So a cabbie I had today tried to continue his conversations from a previous passenger about Hurricane Katrina. I didn't volunteer word one, he kept talking, wouldn't drop it. I won't tell you what he wanted to have seen- it isn't my point- but it was actually from the times of FDR and I Like Ike. When I mentioned a contrary argument using examples of the 4 hurricanes in Florida last year and also the San Francisco earthquake, he said "that was a different time." He kept on and on with it though he was visibly disturbed by my opposition, and raised his voice repeatedly to interrupt me. On my part, I was annoyed by his lack of factual support for any of his points as well as his spitty elocution. Ah well. I shut the door still not believing that a non-disastrous, political situation from 60+ years ago was completely relevant to the events at hand. But it didn't matter, because his point was to apply blame at high volumes while achieving the head-nodding consensus people in NYC seem to assume as their right no matter how controversial or complex the topic.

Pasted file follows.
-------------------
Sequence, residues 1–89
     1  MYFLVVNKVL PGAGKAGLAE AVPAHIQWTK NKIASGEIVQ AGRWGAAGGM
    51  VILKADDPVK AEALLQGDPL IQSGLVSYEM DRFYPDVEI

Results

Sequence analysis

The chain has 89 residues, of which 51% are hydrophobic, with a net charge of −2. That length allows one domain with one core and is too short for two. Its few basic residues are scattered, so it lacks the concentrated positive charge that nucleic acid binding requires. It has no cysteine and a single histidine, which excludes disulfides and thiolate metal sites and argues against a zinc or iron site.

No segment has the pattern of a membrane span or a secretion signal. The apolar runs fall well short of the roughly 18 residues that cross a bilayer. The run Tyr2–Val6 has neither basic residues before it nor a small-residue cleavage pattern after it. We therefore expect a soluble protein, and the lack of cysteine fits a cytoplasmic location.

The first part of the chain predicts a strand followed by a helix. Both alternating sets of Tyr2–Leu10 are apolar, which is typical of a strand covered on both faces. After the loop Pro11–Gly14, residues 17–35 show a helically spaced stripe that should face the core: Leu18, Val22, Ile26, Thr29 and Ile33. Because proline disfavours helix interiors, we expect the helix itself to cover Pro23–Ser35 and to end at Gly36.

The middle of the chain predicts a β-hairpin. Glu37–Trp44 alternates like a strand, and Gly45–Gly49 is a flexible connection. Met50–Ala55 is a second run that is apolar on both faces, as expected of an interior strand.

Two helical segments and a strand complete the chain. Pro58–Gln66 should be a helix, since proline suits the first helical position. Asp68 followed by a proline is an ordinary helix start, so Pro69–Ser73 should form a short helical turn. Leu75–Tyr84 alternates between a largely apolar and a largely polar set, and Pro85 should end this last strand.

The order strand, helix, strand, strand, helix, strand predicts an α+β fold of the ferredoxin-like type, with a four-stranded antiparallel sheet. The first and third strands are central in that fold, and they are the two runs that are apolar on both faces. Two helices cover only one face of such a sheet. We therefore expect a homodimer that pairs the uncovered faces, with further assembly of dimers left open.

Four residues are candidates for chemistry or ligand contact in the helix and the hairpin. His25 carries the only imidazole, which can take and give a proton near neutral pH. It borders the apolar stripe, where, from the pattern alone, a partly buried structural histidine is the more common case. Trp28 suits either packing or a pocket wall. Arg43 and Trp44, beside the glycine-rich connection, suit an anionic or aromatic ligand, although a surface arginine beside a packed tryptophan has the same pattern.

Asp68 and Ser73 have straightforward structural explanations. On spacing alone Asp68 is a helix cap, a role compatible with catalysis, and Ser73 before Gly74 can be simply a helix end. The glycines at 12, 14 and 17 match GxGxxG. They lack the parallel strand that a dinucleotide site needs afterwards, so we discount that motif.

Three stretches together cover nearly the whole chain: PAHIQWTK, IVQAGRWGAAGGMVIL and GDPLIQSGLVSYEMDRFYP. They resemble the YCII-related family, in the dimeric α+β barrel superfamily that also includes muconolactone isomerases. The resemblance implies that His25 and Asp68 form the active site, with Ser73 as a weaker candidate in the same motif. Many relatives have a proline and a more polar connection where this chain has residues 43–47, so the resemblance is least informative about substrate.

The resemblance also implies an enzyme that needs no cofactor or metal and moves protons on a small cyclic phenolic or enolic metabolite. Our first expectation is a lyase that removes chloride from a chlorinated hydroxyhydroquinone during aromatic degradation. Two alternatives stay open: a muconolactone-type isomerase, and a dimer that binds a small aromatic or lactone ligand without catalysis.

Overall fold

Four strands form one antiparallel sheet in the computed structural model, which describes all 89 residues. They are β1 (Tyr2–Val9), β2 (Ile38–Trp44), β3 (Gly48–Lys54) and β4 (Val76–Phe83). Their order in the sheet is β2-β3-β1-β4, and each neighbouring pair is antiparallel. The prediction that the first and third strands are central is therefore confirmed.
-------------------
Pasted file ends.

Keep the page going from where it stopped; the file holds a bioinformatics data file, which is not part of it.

In this catastrophe, I have decided the names of the sinkholes into which I pour my greatest personal scorn, but there's more than enough blame to spread around, as well as too much unsung bravery, strength, and generosity of spirit. First and most of all, I attribute this calamity to Katrina. Then, the nightmarish cataclysm was combined with what may be usual (though here they became lethal) quantities of bureauocratic paralysis, corruptions, and incompetencies across various levels. That some people failed and some people broke bad under incredible stress isn't surprising. That public monies assigned to protect against similar situations seems to have been misapplied is disappointing, too, but not unprecedented. That people avoided "crying wolf" until it was too late to cry for anything but salvation seems a poor economy now, but many such bullets have been dodged before. That Americans' typically sunny optimism often fails to take appropriately grim measures for horrible outcomes isn't surprising either. However, the response of other citizens, communities, organizations, charities, companies, and churches is more energetic and coordinated, self-sacrificing and utilitarian than I could've dreamed.